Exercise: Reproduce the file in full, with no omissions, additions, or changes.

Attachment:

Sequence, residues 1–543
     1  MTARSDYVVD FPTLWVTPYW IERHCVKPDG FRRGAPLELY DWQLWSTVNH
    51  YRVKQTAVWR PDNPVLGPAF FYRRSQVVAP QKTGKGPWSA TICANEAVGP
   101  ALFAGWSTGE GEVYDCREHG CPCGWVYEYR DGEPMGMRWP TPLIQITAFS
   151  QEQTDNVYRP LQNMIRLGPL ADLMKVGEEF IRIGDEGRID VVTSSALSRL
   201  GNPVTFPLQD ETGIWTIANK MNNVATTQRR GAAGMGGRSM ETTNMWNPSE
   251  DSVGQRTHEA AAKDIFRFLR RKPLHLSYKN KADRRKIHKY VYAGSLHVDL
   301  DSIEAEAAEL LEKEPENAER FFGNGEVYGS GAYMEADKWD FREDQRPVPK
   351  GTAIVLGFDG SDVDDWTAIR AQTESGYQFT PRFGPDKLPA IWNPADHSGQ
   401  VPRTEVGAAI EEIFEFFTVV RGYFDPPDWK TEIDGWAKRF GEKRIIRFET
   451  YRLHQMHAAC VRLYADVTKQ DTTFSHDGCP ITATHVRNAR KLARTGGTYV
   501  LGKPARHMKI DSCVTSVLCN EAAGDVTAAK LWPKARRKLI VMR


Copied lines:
Sequence, residues 1–543
     1  MTARSDYVVD FPTLWVTPYW IERHCVKPDG FRRGAPLELY DWQLWSTVNH
    51  YRVKQTAVWR PDNPVLGPAF FYRRSQVVAP QKTGKGPWSA TICANEAVGP
   101  ALFAGWSTGE GEVYDCREHG CPCGWVYEYR DGEPMGMRWP TPLIQITAFS
   151  QEQTDNVYRP LQNMIRLGPL ADLMKVGEEF IRIGDEGRID VVTSSALSRL
   201  GNPVTFPLQD ETGIWTIANK MNNVATTQRR GAAGMGGRSM ETTNMWNPSE
   251  DSVGQRTHEA AAKDIFRFLR RKPLHLSYKN KADRRKIHKY VYAGSLHVDL
   301  DSIEAEAAEL LEKEPENAER FFGNGEVYGS GAYMEADKWD FREDQRPVPK
   351  GTAIVLGFDG SDVDDWTAIR AQTESGYQFT PRFGPDKLPA IWNPADHSGQ
   401  VPRTEVGAAI EEIFEFFTVV RGYFDPPDWK TEIDGWAKRF GEKRIIRFET
   451  YRLHQMHAAC VRLYADVTKQ DTTFSHDGCP ITATHVRNAR KLARTGGTYV
   501  LGKPARHMKI DSCVTSVLCN EAAGDVTAAK LWPKARRKLI VMR